3. 3. Supply Is Down ... Why not just plant more cacao trees? That's easier said than done. Most cacao trees are grown on small family farms in poor coun- tries. Forty percent of the global cocoa bean supply comes from Cote d'Ivoire alone (seep. 15). Unlike growing corn or wheat, which can be planted in vast fields and harvested with machinery, har- vesting cacao is a slow, painstaking process, all of it done by hand. A cacao tree can produce up to 70 pods a year, each of which must be cut down and chopped open. The seeds are then collected and cleaned of the gooey white pulp that sur- rounds them. Those seeds-cocoa beans-are dried (see photo below) and fermented for at least a week. Then the farmer bags the beans and ships them to companies that process the beans into the powder, paste, and liquid forms used by food and candy makers. More trees would require more workers, but few cacao farmers can afford to pay a crew's wages. Instead, many rely on much cheaper slave labor (see sidebar below). Cacao farmers also have to cope with plant diseases and insects that destroy crops. According to the International Cocoa Organization (ICCO), such blights cause "losses as high as 30 percent to 40 percent of global production." Frosty pod rot, a plant disease caused by a fungus, has stricken West African cacao crops in recent years. Unusu- ally dry weather in Cote d'Ivoire (also known as Ivory Coast) and Ghana has also been a factor. 14 JUNIOR SCHOLASTIC / JANUARY 12, 2015 ... and Demand Is Up As these problems keep the global cocoa supply down, the global demand for chocolate is skyrocketing. One reason is that food companies keep corning up with new uses for cocoa. Chocolate seems to be everywhere these days, from chocolate cheddar cheese and chocolate pizza to chocolate-covered bacon, pretzels, and potato chips. Another factor is the new and fast-growing middle class in China, the world's most populous nation. People there are developing a taste for many Western goods- including all things chocolate. But so far, the Chinese, who eat only about 3.5 ounces of chocolate per capita (per person) per year, are no match for Western Europeans, who devour the most chocolate per capita (see p. 15). Americans eat about 12 pounds per capita a year. The Bottom Line Even with cocoa supplies tight in recent years, the chocolate industry takes in about $110 billion a year and is investing in future production. Mars, the world's top-selling chocolate maker, just opened a state-of-the-art chocolate factory in Topeka, Kansas. Even when times are hard, people find a way to satisfy a sweet tooth. As Mike Wittman, a Mars executive, says, "Consumers really enjoy their small indulgences." -Kathy Wilmore Which is more responsible for the rising demand for cocoa: candy and food companies or shoppers? Why?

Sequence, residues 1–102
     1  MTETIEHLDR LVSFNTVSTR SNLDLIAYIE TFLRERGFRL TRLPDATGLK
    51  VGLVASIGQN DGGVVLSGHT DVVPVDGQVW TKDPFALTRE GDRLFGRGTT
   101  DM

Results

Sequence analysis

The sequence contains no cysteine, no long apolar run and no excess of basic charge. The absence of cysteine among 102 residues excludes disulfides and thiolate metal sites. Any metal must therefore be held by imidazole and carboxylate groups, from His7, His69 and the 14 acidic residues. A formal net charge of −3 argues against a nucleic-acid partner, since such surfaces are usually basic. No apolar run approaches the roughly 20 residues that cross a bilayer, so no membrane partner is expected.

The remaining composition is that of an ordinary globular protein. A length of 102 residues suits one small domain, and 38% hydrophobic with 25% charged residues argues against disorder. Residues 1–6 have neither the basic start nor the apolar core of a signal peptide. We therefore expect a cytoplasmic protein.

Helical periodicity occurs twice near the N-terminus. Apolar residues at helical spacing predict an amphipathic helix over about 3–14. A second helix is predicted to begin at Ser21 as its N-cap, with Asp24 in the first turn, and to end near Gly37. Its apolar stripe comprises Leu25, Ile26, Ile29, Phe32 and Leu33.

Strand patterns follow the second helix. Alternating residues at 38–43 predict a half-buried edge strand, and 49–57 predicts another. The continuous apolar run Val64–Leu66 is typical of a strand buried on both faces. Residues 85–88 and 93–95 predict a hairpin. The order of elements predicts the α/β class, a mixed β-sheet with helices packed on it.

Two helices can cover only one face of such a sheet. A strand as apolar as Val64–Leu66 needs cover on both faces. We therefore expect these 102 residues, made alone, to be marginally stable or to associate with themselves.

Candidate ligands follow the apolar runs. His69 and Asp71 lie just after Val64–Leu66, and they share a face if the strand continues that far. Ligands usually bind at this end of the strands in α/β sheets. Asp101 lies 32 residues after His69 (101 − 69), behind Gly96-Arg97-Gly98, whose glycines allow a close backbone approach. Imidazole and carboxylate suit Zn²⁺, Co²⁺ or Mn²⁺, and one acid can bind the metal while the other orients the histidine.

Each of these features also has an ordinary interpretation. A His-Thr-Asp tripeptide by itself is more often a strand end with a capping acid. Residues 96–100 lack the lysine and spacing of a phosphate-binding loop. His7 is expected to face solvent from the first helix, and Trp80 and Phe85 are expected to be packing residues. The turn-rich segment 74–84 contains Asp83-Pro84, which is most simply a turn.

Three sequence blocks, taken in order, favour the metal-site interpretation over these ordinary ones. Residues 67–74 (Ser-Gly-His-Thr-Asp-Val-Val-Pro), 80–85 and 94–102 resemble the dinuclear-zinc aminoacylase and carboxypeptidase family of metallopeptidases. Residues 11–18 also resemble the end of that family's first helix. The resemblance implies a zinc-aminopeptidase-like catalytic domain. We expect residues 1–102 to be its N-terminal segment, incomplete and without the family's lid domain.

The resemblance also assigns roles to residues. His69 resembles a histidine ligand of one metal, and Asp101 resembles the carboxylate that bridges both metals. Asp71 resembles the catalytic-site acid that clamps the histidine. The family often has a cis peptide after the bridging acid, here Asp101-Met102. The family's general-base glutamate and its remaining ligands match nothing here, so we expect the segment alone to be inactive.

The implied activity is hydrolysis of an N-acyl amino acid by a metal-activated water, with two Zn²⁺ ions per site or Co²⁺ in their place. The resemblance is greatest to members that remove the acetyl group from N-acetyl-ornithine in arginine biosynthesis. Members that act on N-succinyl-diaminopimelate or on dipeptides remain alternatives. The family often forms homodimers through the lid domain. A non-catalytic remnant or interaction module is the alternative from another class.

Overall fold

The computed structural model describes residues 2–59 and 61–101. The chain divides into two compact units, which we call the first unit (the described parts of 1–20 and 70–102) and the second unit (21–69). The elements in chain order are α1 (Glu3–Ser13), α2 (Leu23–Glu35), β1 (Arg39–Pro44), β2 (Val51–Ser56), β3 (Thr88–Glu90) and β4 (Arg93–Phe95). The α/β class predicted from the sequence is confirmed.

4. 4. MAPSEAHCH Cocoa: Who Grows It, Who Eats It • Top producer • Top consumer Top 5 Producers ~~ SOURCES, IceD Quarterly Bulletin, 2013-14; Statista Top 5 Consumers ~~ Questions *GDP stands for gross domestic product: per capita means "per person." The amount is the value of all goods and services produced in a country in a year, divided by the population. It often is used as a measure of a nation's wealth. SOURCES, Statista (2012); The World Factbook (CIA) 1. All the top chocolate-consuming countries are part of which continent? 2. How much chocolate was eaten in 2012 in the country with the highest per capita GDP? 3. How many tons of cocoa beans in total were produced by the African countries labeled? 4. Which top consumer is northernmost? 5. Ghana produced how many more tons of beans than the top producer in Asia? 6. Which producing country is the wealthiest? ,7. u.s. per capita GDP of $52,800 is closest to that of which country listed? 8. Which country has a per capita GDP about 22 times that of Cote d'ivoire? 9. Why might top producers be so poor? 10. All the top-producing countries are near the equator. What does that tell you about the type of climate needed for growing cacao trees? JANUARY 12, 2015/ JUNIOR SCHOLASTIC 15